We had another mass murder in America this week, and there’s no way around it: it was by a “none”, someone who hated organized religion, and who described himself as
Conservative Republican, and if he were attending CPAC, we have atheists who’d enthuse about a possible recruit to the cause. But instead, he slaughtered innocent people, so we turn around and pretend his disbelief had absolutely nothing to do with it. It’s all very convenient. If he’d been a Christian we’d all sneer at the hypocrisy of all the believers who’d reassure us that he wasn’t a True Christian™, but now it’s only reasonable that we rationally and calmly divorce ourselves from any responsibility.
I don’t accept that.
I agree completely with Ashley Miller’s point that the myth of atheist superiority is dangerous, and leads to terrible consequences. Even if it isn’t causal, it leads terrible people to do terrible things to achieve that affirming sense of being better than everyone else. It has to stop. And the first step is acquiring some sense of responsibility.
But of course, some of our self-appointed ‘leaders’ want nothing to do with that. It never fails that if you want to see the insufferable smugness of delusional atheists, all you have to do is turn to Sam Harris.
No rational atheist (or “New Atheist”) holds religion accountable for every idiotic or unethical thing religious people do. We blame a religion only for what its adherents do as a direct result of its doctrines, such as opposing gay marriage or killing apostates.
Atheism has no doctrines. It does not demand that a person do anything, or refrain from doing anything, on the basis of his unbelief. Consequently, to know that someone is an atheist is to know almost nothing about him—apart from the fact that he does not accept the unwarranted claims of any religion.
Atheism is simply the condition of not believing in Poseidon, Thor, or any of the thousands of dead gods that lie in the graveyard we call mythology. To that extent, everyone knows exactly what it is to be an atheist—he has simply added the god of Abraham to the list of the dead.
If a belief in astrology were causing people to go berserk—to deny medical care to their children or to murder unbelievers—many of us would speak and write about the dangerous stupidity of astrology. This would not be bigotry or intolerance on our part. It would be a plea for basic human sanity. And that is all that an atheist’s criticism of religious tribalism and superstition ever is.
If you understand this, you will recognize any attempt to blame atheism for specific crimes, great or small, for what it is: A fresh act of religious demagoguery.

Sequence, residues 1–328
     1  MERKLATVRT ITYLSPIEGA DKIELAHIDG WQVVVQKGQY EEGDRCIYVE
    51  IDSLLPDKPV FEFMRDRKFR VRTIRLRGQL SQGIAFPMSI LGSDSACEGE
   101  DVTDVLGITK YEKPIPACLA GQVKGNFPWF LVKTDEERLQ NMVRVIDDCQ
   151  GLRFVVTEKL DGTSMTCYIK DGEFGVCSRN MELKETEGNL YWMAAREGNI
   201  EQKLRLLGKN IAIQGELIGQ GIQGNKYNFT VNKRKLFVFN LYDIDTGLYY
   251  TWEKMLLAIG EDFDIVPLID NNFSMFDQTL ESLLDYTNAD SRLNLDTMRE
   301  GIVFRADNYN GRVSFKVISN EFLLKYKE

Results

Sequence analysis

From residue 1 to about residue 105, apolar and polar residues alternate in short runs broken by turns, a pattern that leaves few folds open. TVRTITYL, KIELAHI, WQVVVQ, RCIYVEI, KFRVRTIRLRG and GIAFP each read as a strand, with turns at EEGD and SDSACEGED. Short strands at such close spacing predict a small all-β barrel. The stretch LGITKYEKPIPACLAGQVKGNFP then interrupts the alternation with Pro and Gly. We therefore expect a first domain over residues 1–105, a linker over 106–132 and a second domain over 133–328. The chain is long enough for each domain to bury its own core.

Humanity is suffering under a collection of half-assed ethical and moral principles, assembled with no rational foundation but superstition, and with awful, damaging, exploitive rules mixed in with a few good ones. Religion is primitive and lacking in any tools to address deep injustices and correct errors in its formulation. I am all in favor of tearing it down and replacing it with…what? According to Harris, nothing. Atheism has nothing constructive or productive to replace the bad system most people are limping along under — rip it all out and apparently, brute reason can then be trusted to evolve something better.
Never mind that the same atheists who adore the irresponsibility of the idea that their beliefs impose no demands on them are also the same atheists who so detest equality that they spit on feminism; that they so obliviously love their privileges that they scorn the whole concept of social justice; that they are so authoritarian that they rush to the defense of their Leaders with a capital “L” no matter how egregiously offensive their bigotry might be, and any who dare to criticize them are “harming the cause”.
Reason is not enough. Reason can show you the best way to achieve a goal, but if your goal is mass murder, or denigration of women, or the perpetuation of an oppressive hierarchy, it’ll help you do that, too. We need purpose and value and meaning as well, and if a prominent Leader of atheism is saying that atheism doesn’t do that, that’s a declaration that atheism is bankrupt, and has failed totally. It has become a Great Nothing.
That’s not my atheism, though. I argue that the absence of gods gives greater prominence to the interdependence of the human community, and adds greater weight and urgency to the importance of empathy and equality and all those human values — but if atheism is now a label that allows us to nonchalantly disavow responsibility for the actions of those within our own group, perhaps it’s time to disband the whole idea of an atheist community.
But then it’s also clear that my vision of what atheism ought to be is a minority view. The majority are doing their damnedest to confirm the poor opinion the believers have of us.